right

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PronunciationEdit

Etymology 1Edit

From Middle English right (right), from Old English riht, reht (right), from Proto-Germanic *rehtaz (right, direct), from Proto-Indo-European *h₃reǵtós (having moved in a straight line), from Proto-Indo-European *h₃reǵ- (to straighten, direct). An Indo-European past participle, it became a Germanic adjective which has been used also as a noun since the common Germanic period. Cognate with West Frisian rjocht, Dutch recht, German recht/Recht, Swedish rätt and rät, Danish ret, Norwegian rett, and Icelandic rétt. The Indo-European root is also the source of Greek ὀρεκτός, Latin rectus, Albanian drejt and the Sanskrit ऋत (ṛtá).

AdjectiveEdit

right (comparative righter, superlative rightest)

  1. (archaic) Straight, not bent.
    a right line
  2. Of an angle, having a size of 90 degrees, or one quarter of a complete rotation; the angle between two perpendicular lines.
    The kitchen counter formed a right angle with the back wall.
  3. Complying with justice, correctness or reason; correct, just, true.
    I thought you'd made a mistake, but it seems you were right all along.
    It's not right that one person gets all the credit for the group's work.
    • John Locke
      If there be no prospect beyond the grave, the inference is [] right, "Let us eat and drink, for to-morrow we die."
  4. Appropriate, perfectly suitable; fit for purpose.
    Is this the right software for my computer?
  5. Healthy, sane, competent.
    I'm afraid my father is no longer in his right mind.
  6. Real; veritable.
    You've made a right mess of the kitchen!
    • Milton
      In this battle, [] the Britons never more plainly manifested themselves to be right barbarians.
  7. (Australia) All right; not requiring assistance
    • 1986 David Williamson, "What If You Died Tomorrow," Collected plays, Volume 1, Currency Press, p310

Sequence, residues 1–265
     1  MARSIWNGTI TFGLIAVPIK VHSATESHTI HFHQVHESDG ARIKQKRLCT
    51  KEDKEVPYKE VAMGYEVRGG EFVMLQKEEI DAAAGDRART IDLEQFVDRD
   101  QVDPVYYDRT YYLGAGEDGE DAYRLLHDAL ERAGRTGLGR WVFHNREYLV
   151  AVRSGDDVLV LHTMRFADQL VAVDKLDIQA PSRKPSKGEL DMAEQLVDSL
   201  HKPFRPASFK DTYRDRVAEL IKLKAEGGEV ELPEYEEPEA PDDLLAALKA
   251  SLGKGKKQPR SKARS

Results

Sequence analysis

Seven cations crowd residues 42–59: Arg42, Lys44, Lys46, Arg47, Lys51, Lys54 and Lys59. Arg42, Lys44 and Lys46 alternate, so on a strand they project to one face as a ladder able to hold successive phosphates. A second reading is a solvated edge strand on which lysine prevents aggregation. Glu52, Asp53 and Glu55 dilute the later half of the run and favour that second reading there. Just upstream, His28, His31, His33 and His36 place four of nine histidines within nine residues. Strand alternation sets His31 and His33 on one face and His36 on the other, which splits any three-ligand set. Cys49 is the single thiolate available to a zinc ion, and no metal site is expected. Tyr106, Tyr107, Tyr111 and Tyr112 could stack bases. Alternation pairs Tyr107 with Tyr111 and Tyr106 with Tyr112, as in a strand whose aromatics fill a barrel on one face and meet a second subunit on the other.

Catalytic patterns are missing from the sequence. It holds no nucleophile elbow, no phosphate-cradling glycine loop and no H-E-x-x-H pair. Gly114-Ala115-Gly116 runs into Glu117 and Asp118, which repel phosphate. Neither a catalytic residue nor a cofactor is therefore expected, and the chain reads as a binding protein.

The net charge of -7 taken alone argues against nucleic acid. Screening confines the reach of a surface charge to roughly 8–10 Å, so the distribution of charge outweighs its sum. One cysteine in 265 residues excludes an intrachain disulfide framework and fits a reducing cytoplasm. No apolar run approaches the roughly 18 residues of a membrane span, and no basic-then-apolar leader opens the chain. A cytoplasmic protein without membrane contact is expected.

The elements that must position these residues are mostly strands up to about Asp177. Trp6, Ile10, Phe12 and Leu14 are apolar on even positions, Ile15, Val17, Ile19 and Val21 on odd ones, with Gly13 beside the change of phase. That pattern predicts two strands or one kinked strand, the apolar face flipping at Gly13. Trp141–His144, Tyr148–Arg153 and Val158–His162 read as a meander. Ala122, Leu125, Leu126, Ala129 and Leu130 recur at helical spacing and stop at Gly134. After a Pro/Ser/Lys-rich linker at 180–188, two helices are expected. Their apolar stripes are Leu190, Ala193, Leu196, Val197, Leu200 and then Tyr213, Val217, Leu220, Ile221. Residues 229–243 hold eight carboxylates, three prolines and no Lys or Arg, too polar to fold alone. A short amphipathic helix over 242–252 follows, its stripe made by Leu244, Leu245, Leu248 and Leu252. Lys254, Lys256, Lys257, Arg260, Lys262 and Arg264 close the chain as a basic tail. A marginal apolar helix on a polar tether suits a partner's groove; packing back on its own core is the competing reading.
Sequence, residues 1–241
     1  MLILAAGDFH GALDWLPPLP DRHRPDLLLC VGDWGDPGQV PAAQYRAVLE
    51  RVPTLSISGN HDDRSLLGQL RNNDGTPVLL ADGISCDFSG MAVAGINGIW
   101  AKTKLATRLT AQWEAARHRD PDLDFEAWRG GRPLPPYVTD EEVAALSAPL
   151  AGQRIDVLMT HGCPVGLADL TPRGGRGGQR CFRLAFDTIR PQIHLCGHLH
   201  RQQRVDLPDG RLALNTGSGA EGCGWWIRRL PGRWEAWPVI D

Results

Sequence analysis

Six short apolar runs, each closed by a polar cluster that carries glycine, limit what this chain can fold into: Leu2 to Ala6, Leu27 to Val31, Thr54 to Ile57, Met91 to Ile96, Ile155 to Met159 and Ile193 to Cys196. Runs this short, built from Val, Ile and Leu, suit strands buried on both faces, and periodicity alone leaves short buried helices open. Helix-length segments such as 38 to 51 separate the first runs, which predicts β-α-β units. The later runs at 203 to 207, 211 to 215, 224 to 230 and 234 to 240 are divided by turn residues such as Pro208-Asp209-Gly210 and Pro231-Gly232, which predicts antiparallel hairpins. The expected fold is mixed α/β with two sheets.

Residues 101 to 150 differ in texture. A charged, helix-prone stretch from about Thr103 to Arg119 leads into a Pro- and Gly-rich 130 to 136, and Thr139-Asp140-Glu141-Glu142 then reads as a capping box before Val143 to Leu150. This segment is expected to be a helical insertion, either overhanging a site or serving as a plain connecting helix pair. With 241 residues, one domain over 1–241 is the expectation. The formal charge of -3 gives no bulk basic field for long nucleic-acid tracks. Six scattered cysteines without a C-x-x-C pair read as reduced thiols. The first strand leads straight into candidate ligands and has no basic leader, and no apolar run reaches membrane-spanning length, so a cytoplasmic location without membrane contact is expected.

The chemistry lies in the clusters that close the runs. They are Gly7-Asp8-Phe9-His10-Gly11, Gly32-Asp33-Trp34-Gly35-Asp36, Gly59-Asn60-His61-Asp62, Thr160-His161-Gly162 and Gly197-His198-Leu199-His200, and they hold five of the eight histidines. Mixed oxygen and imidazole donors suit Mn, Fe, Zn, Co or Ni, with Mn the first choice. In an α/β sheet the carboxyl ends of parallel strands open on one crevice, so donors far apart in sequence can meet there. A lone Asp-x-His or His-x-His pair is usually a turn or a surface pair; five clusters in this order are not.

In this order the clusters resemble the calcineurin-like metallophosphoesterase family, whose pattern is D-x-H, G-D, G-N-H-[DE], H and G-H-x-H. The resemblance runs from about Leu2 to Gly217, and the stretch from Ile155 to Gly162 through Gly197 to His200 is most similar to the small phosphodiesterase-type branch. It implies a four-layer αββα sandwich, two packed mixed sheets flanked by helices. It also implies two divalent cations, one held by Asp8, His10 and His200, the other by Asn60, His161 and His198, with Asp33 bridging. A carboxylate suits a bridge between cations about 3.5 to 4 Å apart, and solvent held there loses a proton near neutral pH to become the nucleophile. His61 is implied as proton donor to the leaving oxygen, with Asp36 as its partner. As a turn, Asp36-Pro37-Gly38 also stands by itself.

KIRSTY: I suppose you're hungry. Would you like something to eat? / KEN: No. I'm right, thanks.
    • 2001 Catherine Menagé, Access to English, National Centre for English Language Teaching and Research, NSW: Sydney, p25
      When the sales assistant sees the customer, she asks Are you right, sir? This means Are you all right? She wants to know if he needs any help.
    • 2001 Morris Gleitzman, Two weeks with the Queen, Pan Macmillan Australia, p75
      'You lost?' / Colin spun round. Looking at him was a nurse, her eyebrows raised. / 'No, I'm right, thanks,' said Colin.'
  8. (dated) Most favourable or convenient; fortunate.
    • Spectator
      The lady has been disappointed on the right side.

right (comparative more right, superlative rightmost)

  1. Designating the side of the body which is positioned to the east if one is facing north. This arrow points to the right: →
    After the accident, her right leg was slighly shorter than her left.
  2. Designed to be placed or worn outward.
    the right side of a piece of cloth
  3. (politics) Pertaining to the political right; conservative.
SynonymsEdit
AntonymsEdit
Derived termsEdit
TranslationsEdit
The translations below need to be checked and inserted above into the appropriate translation tables, removing any numbers. Numbers do not necessarily match those in definitions. See instructions at Help:How to check translations.

AdverbEdit

right (not comparable)

  1. On the right side.
  2. Towards the right side.
TranslationsEdit

InterjectionEdit

right

  1. Yes, that is correct; I agree.
  2. I agree with whatever you say; I have no opinion.
  3. Signpost word to change the subject in a discussion or discourse.
    - After that interview, I don't think we should hire her.
    - Right — who wants lunch?
  4. Used to check agreement at the end of an utterance.
    You're going, right?
  5. Used to add seriousness or decisiveness before a statement.
    • 1987, Withnail and I:
      Withnail: Right ... I'm gonna do the washing up.
TranslationsEdit
Derived termsEdit

NounEdit

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right (plural rights)

  1. That which complies with justice, law or reason.
    We're on the side of right in this contest.
  2. A legal or moral entitlement.
    You have no right to go through my personal diary.
    • Samuel Taylor Coleridge (1772-1834)
      There are no rights whatever, without corresponding duties.
    • 1922, Michael Arlen, chapter 3/19/2, “Piracy”: A Romantic Chronicle of These Days: